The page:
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Science China Chemistry

, Volume 60, Issue 10, pp 1367–1376 | Cite as

120 mm single-crystalline perovskite and wafers: towards viable applications

  • Yucheng Liu
  • Xiaodong Ren
  • Jing Zhang
  • Zhou YangEmail author
  • Dong Yang
  • Fengyang Yu
  • Jiankun Sun
  • Changming Zhao
  • Zhun Yao
  • Bo Wang
  • Qingbo Wei
  • Fengwei Xiao
  • Haibo Fan
  • Hao Deng
  • Liangping Deng
  • Shengzhong Frank LiuEmail author
Articles

Abstract

As the large single-crystalline silicon wafers have revolutionized many industries including electronics and solar cells, it is envisioned that the availability of large single-crystalline perovskite crystals and wafers will revolutionize its broad applications in photovoltaics, optoelectronics, lasers, photodetectors, light emitting diodes (LEDs), etc. Here we report a method to grow large single-crystalline perovskites including single-halide crystals: CH3NH3PbX3 (X=I, Br, Cl), and dual-halide ones: CH3NH3Pb(Cl x Br1−x)3 and CH3NH3Pb(Br x I1−x)3, with the largest crystal being 120 mm in length. Meanwhile, we have advanced a process to slice the large perovskite crystals into thin wafers. It is found that the wafers exhibit remarkable features: (1) its trap-state density is a million times smaller than that in the microcrystalline perovskite thin films (MPTF); (2) its carrier mobility is 410 times higher than its most popular organic counterpart P3HT; (3) its optical absorption is expanded to as high as 910 nm comparing to 797 nm for the MPTF; (4) while MPTF decomposes at 150 °C, the wafer is stable at high temperature up to 270 °C; (5) when exposed to high humidity (75% RH), MPTF decomposes in 5 h while the wafer shows no change for overnight; (6) its photocurrent response is 250 times higher than its MPTF counterpart. A few electronic devices have been fabricated using the crystalline wafers. Among them, the Hall test gives low carrier concentration with high mobility. The trap-state density is measured much lower than common semiconductors. Moreover, the large SC-wafer is found particularly useful for mass production of integrated circuits. By adjusting the halide composition, both the optical absorption and the light emission can be fine-tuned across the entire visible spectrum from 400 nm to 800 nm. It is envisioned that a range of visible lasers and LEDs may be developed using the dual-halide perovskites. With fewer trap states, high mobility, broader absorption, and humidity resistance, it is expected that solar cells with high stable efficiency maybe attainable using the crystalline wafers.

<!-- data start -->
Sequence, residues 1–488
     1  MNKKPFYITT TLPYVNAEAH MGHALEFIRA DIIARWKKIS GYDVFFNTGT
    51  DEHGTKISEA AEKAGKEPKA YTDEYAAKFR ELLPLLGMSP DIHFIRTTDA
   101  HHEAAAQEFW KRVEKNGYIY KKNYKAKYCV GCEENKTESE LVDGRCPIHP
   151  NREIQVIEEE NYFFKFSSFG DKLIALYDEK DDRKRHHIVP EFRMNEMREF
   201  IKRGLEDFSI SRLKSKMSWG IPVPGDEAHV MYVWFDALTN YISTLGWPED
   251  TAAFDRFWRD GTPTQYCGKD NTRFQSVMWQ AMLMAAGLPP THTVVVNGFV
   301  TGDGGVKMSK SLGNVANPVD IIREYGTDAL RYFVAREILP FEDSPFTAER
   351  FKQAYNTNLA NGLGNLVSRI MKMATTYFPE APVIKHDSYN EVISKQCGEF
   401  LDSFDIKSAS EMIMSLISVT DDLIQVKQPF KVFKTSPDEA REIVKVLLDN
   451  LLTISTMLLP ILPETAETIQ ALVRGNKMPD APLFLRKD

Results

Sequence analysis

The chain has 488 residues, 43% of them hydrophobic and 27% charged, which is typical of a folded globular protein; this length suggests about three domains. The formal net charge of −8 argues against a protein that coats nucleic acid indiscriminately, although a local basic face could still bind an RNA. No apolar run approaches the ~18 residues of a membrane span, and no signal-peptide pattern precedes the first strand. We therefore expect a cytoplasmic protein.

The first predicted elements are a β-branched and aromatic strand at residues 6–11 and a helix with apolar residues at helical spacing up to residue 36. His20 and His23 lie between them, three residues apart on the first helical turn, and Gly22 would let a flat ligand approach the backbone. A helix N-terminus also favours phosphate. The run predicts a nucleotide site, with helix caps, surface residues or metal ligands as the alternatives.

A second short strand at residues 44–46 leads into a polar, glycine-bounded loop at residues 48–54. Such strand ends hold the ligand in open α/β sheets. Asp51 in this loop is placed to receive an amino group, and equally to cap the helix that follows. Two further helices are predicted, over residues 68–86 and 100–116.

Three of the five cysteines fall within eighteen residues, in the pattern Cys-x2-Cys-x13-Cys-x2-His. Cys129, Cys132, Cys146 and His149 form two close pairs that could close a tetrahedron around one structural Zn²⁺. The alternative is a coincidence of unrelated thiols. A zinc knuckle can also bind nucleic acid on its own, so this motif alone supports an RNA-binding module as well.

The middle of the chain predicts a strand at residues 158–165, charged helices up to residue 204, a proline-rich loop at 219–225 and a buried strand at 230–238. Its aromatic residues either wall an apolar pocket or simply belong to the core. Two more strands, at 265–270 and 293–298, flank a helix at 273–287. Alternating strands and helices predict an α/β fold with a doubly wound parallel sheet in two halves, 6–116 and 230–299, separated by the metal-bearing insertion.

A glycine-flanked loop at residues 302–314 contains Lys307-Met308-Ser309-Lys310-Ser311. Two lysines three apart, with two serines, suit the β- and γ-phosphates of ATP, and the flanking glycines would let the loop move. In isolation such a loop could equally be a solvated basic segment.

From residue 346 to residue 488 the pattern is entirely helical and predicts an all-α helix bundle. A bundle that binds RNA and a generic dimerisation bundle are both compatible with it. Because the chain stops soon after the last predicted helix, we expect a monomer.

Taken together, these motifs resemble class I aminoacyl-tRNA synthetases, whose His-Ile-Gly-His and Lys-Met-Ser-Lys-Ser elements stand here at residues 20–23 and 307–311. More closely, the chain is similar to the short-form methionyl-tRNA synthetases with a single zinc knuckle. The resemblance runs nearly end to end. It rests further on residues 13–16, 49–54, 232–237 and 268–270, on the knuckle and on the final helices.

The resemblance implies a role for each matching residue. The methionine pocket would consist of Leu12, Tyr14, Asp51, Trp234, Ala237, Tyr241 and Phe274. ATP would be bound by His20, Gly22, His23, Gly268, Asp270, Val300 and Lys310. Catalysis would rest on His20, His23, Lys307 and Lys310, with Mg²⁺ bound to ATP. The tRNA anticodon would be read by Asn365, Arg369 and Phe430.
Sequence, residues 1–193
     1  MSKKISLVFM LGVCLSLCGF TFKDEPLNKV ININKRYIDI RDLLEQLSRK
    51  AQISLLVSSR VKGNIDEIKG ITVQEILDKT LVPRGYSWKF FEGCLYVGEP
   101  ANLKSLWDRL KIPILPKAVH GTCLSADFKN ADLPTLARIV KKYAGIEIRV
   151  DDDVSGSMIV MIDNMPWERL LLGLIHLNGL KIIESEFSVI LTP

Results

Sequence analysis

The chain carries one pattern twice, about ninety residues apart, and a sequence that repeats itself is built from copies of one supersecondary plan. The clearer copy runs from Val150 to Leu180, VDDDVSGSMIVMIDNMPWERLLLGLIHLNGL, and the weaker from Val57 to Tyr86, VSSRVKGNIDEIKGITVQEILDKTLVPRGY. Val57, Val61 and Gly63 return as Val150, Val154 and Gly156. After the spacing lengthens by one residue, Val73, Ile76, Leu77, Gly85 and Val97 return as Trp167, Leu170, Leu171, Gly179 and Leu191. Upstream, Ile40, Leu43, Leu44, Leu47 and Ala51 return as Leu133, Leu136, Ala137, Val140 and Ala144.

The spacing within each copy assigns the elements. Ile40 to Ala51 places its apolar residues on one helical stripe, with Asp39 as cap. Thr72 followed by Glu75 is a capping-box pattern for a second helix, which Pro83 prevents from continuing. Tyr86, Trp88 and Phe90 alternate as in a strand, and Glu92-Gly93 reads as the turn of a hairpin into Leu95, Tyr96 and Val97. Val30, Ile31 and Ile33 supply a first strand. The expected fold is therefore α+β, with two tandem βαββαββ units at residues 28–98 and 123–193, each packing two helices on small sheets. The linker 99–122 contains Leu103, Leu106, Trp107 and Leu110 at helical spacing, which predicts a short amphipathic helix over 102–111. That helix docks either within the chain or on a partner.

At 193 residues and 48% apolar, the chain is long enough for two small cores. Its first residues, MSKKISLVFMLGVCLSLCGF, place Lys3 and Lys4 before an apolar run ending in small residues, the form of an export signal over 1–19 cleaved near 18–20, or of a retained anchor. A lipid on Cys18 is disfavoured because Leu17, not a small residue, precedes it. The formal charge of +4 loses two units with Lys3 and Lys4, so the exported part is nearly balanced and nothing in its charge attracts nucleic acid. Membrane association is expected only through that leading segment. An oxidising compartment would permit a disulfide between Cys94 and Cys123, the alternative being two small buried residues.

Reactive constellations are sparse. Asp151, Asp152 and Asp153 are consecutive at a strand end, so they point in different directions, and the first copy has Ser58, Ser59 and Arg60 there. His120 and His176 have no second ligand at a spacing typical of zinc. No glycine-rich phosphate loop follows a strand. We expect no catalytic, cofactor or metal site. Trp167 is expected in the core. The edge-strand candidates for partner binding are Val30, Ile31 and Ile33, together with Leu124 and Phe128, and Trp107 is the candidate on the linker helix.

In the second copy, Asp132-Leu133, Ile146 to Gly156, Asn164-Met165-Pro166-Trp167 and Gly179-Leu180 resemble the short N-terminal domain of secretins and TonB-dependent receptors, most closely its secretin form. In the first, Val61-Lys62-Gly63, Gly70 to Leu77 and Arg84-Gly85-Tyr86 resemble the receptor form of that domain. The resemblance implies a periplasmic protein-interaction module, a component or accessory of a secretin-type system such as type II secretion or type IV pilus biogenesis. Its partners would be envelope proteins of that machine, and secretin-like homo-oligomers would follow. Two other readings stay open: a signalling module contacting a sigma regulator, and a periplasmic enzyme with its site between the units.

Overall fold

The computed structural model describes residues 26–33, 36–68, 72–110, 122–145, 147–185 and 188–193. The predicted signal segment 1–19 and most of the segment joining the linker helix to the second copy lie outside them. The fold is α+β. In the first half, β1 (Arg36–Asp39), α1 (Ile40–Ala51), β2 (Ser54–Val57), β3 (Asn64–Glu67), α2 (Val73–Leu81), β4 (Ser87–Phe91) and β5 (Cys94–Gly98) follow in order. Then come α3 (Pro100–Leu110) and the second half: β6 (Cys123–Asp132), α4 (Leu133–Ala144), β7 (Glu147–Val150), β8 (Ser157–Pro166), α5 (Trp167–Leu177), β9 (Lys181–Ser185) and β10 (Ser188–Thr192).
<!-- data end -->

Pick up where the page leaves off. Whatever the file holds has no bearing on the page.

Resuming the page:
Keywords

single-crystal growth perovskite wafer IC devices photodetector array 

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Notes

Acknowledgments

This work was supported by the National Key Research Project MOST (2016YFA0202400), the National Natural Science Foundation of China (61604090, 61604091, 61674098), National University Research Fund (GK261001009, GK201603107), the Changjiang Scholar and Innovative Research Team (IRT_14R33), the 111 Project (B14041), the Chinese National 1000-talent-plan Program (1110010341), and the Innovation Funds of Graduate Programs, SNNU (2015CXS047). The authors would like to thank Prof. Ming Liu at the Xi’an Jiaotong University for the high resolution X-ray diffraction measurement and Prof. Yong Zhang at The University of North Carolina at Charlotte for insightful discussion.

Supplementary material

11426_2017_9081_MOESM1_ESM.pdf (6.1 mb)
120 Millimeter Single-Crystalline Perovskite and Wafers: Towards Viable Applications

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Copyright information

© Science China Press and Springer-Verlag GmbH Germany 2017

Authors and Affiliations

  • Yucheng Liu
    • 1
  • Xiaodong Ren
    • 1
  • Jing Zhang
    • 2
  • Zhou Yang
    • 1
    Email author
  • Dong Yang
    • 1
  • Fengyang Yu
    • 1
  • Jiankun Sun
    • 1
  • Changming Zhao
    • 1
  • Zhun Yao
    • 1
  • Bo Wang
    • 1
  • Qingbo Wei
    • 1
  • Fengwei Xiao
    • 1
  • Haibo Fan
    • 1
  • Hao Deng
    • 3
  • Liangping Deng
    • 3
  • Shengzhong Frank Liu
    • 1
    • 2
    Email author
  1. 1.Key Laboratory of Applied Surface and Colloid Chemistry, National Ministry of Education; Shaanxi Key Laboratory for Advanced Energy Devices; Shaanxi Engineering Laboratory for Advanced Energy Technology; School of Materials Science and EngineeringShaanxi Normal UniversityXi’anChina
  2. 2.iChEM, Dalian National Laboratory for Clean Energy; Dalian Institute of Chemical PhysicsChinese Academy of SciencesDalianChina
  3. 3.Xi’an LONGI Silicon Materials CorporationXi’anChina

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